The hijab has been minimized to a cloth used to cover the hair and fashionably so. In reality the head scarf is being promoted as an accessory with countless different methods of wrapping. And often the result is a massive, colourful head display, defeating this aspect of hijab’s intended purpose.
But the corruption of hijab has moved beyond just the abuse of the word and the misrepresentation of what it stands for. With the rise of “Muslim fashion”, there is a global effort to strip modesty and hijab entirely of their meanings and merits.
Hijab-conscious fashion seems to be the answer to many young girls’ fashion woes and a profitable niche within the fashion industry. The term hijab-conscious fashion is an oxymoron of sorts. The two elements arecompletely contradictory making the term nonsensical and the initiative, opportunistic and capitalistic.
The obligation to dress modestly and appropriately does not restrict Muslim women in what they wear. A Muslim woman is still able to wear “fashionable” items depending on who she is surrounded by – as explained earlier. Is it such a disadvantage if hijab distances us from Western fashion culture?
Things are changing and an increasing numbers of Muslim women want to dress fashionably and “express their individuality” through clothing. Our focus should not be attempting to inject hijab into fashion. We should be addressing where we have fallen short that our love for hijab is lacking. We should address our lack of understanding of the obligations decreed by Allah SWT. We should address our vain need to be seen as individuals through dress.
The shift is targeted at young women, our future mothers, in an effort to empower them because clothing is alleged to empower a woman. Even this is devoid of what hijab stands for. In asking women to cover their bodies, Allah SWT uplifted women from being seen as objects and placed focus on what truly empowers them. Equalising Muslims, hijab is what gives importance to what is on the inside as is so often chorused to be what matters.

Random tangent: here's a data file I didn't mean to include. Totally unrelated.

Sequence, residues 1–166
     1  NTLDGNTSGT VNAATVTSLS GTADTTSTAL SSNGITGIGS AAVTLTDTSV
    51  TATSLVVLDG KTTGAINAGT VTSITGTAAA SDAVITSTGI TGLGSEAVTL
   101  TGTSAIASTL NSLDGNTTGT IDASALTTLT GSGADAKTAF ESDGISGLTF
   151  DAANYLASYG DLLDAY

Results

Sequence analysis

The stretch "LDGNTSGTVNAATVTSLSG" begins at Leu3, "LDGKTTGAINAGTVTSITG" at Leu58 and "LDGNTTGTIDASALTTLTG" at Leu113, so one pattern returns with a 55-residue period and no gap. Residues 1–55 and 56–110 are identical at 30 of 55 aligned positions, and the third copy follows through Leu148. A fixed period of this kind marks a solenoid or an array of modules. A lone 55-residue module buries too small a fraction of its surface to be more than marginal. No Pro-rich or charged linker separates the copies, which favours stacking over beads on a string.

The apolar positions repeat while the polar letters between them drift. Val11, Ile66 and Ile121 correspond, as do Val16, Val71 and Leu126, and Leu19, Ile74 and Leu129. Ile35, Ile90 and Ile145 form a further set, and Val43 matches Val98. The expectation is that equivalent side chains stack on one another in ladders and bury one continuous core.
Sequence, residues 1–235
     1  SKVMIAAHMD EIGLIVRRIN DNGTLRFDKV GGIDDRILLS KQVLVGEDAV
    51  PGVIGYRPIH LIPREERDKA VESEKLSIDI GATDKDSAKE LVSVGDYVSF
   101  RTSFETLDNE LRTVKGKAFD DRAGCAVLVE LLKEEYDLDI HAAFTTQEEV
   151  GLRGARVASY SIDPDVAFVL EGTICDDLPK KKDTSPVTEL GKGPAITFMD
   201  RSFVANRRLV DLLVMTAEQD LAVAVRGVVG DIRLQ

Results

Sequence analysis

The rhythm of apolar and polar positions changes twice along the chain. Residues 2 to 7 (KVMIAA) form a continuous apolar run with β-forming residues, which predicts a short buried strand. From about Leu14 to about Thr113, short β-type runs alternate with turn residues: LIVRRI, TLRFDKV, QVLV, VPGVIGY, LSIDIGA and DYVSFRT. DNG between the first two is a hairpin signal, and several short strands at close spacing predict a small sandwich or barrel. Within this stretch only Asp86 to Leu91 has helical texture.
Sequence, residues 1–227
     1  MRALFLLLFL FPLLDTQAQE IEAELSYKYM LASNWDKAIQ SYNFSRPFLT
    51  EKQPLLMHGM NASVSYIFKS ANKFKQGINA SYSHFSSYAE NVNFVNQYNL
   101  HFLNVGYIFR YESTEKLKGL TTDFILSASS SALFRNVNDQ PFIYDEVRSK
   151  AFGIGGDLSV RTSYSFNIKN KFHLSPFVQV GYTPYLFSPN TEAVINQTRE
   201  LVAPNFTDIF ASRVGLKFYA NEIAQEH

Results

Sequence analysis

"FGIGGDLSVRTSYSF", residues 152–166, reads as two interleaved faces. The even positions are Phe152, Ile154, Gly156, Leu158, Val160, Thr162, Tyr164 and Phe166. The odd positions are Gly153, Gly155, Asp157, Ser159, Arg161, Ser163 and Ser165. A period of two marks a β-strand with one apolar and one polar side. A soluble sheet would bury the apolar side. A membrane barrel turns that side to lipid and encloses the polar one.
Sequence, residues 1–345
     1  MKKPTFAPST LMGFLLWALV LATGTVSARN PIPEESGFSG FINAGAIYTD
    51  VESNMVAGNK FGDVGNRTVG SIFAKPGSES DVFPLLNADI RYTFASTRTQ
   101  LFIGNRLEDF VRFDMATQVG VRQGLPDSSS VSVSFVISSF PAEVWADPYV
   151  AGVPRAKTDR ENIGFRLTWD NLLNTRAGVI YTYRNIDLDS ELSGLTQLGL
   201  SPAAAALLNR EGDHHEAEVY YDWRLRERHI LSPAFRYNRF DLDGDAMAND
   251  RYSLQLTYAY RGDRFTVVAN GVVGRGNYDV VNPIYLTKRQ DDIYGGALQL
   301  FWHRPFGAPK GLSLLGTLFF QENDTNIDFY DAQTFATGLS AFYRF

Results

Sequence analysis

Some feel that hijab will make them look older than their years, or exclude them from marriage, or negatively impact their life. Perhaps because in their preoccupation with looking at what it could take away from them, they have not fully opened themselves to everything that hijab has to offer.
If future mothers are being targeted as part of a money-making initiative that could – over time – corrupt and change what hijab inherently means to the future Muslim women of the Ummah, who will be left to carry hijabon?
Hijab does give Muslim women individuality and does set us apart from others. It’s a declaration that we identify ourselves as Muslim. Our choice to be identified as a Muslim to others is an act of worship and an expression of gratitude for being blessed with Imaan.
Explaining that donning the hijab is an obligation to Allah SWT has sadly come to mean very little. To oblige means to do as (someone) asks or desires in order to please them. The beauty of hijab and obliging to its principle for the pleasure of Allah SWT is not about the physical. But hijab can only be accepted after it has been altered, adapted, adorned and completely abandoned.